There are two different kinds of people who buy fitness trackers. The first are athletes – people like our own Gareth Beavis – or at least those who aspire to athleticism. The second group is bigger, both in the sense that it contains more people, and that those people are probably carrying a few extra pounds. I fall – heavily, plumply, resignedly – into that latter camp.
For me, and for many like me, I think, a fitness tracker such as the Jawbone Up24, Nike FuelBand SE or even the Apple Watch is about trying to motivate us – shame us, even – into being less sedentary.
I've been wearing fitness trackers of various kinds, and tracking my weight with a set of Wi-Fi connected scales, for years, and I've been fascinated to watch the subtle psychological effect the mere act of gathering data and paying attention to it has on my general health.
If you know you're supposed to walk 10,000 steps in a day and you see, as 5pm draws near, that you've only walked 4,000, you might opt to walk home rather than take the bus. With an altimeter in your phone, when you reach to press the button to call the elevator you might recall that you only walked up five flights yesterday and so take the stairs instead to try to beat your record.
If you're trying to lose weight, you'll notice a little up-tick in a graph long before you feel your trousers starting to tighten, and can then decide that no, you won't have that brownie with your morning coffee. Thus, slowly, but inexorably, day by day, you improve. You walk more. You take the stairs. You lose weight – not so much by actively losing weight but by refusing to gain it. You're gamifying your health.
To be sure, this only works if you're predisposed to being persuaded in the first place. If you see the graph going up but your only reaction is 'ah well; I'm a lost cause so pass the pies' then tracking your weight ain't gonna help. But if you can be nudged to improve your activity levels by being easily reminded of how little you've done so far, then great.
That's one of the reasons I love wearing the Activité watch from Withings. In anticipation of reviewing its cheaper sibling, the Activité Pop, when it hits in the spring, I borrowed the original Activité from Withings, and it's been revelatory.
Why? Because on the surface it's a perfectly ordinary watch – all the smarts are behind the dial, and it syncs over Bluetooth 4. As well as telling the time with traditional analogue hands, there's a single inset dial with a hand that shows your progress towards your step goal.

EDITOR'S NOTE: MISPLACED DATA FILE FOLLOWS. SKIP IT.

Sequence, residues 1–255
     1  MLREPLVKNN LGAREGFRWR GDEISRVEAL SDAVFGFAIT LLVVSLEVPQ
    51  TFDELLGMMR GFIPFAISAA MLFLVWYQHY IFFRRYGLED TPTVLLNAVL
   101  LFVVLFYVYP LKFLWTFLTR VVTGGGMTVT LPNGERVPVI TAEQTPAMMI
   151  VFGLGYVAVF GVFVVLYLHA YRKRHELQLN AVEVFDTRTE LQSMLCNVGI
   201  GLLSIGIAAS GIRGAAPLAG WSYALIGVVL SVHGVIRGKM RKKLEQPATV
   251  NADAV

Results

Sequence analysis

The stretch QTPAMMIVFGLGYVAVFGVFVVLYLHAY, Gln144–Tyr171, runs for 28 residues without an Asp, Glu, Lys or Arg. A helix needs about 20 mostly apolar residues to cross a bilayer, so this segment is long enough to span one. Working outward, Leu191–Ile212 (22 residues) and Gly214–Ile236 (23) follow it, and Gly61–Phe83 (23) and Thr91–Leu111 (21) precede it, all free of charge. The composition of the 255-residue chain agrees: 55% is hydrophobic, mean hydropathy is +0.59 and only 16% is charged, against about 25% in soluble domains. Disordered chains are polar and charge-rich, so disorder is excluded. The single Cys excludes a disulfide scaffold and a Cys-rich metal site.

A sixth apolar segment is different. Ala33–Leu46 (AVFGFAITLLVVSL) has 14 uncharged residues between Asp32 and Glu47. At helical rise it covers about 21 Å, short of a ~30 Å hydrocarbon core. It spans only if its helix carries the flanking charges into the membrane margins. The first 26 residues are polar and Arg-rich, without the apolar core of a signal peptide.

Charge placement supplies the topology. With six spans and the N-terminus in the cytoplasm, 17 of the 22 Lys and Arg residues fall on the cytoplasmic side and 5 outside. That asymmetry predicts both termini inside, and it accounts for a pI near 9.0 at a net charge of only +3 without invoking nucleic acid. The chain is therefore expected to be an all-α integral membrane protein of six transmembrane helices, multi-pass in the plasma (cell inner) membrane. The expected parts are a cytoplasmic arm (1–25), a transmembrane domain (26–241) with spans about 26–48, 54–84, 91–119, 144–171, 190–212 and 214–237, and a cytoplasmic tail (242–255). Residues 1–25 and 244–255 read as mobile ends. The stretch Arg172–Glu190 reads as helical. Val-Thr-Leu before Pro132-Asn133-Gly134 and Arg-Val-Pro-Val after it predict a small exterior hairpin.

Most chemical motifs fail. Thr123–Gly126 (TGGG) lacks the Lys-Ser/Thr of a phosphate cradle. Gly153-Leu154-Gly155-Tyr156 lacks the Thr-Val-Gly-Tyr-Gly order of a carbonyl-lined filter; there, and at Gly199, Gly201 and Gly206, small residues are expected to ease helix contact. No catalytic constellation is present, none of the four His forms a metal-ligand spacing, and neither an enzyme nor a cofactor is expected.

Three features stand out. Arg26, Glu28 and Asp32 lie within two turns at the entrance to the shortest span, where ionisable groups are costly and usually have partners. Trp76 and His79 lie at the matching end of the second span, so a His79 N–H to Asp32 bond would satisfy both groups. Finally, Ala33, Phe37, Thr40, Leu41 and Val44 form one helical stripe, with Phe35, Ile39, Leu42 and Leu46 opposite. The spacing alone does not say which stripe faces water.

By taking an old-fashioned approach to 'data display' (that is, actual, physical moving objects rather than a do-anything but transient screen) Withings has ensured that the data is always visible. I know it sounds a bit obvious, but the effect is remarkable. Now, every single time I glance at the time I can't hide from how inactive I've been up to now. And so I can do something about it.
The Activité isn't the only fitness tracker that can force you to confront your laziness in this way – the always-on e-paper display of the Pebble can be configured to show activity levels, for example – but this confrontation is key to improving your general health with the help of one.
One huge, fundamental potential flaw in most fitness trackers, you see, is that you have to _do something_ with them before they tell you how far along your activity goal you are. You have to press the button on a FuelBand, you have to sync a Jawbone Up with your Android phone, you have to unlock your iPhone and launch the Health app.
This means that it's all too easy to ignore your progress, and what's more, to ignore it until it's too late in the day to make the changes you need to in order to hit your goals. What use is it if you realise you're only 50% towards your activity goal if you only think to check in when you're relaxing in front of the TV after dinner?
In fairness to these devices, the reason you have to trigger their display, or to sync the data to a device that has a display, is because keeping screens or even just a grid of LEDs lit burns through batteries, and you absolutely can't have an activity monitor crapping out before the end of the day.
Athletes might get away with checking their activity tracking only after having completed a run or a workout session, but for those of us who need encouragement not even to be fit but just to be less sedentary than our lifestyle permits, then we need our activity trackers to force us to confront our sloth, like a foot-tapping, tutting schoolmarm.
On which note, I'm off for a walk.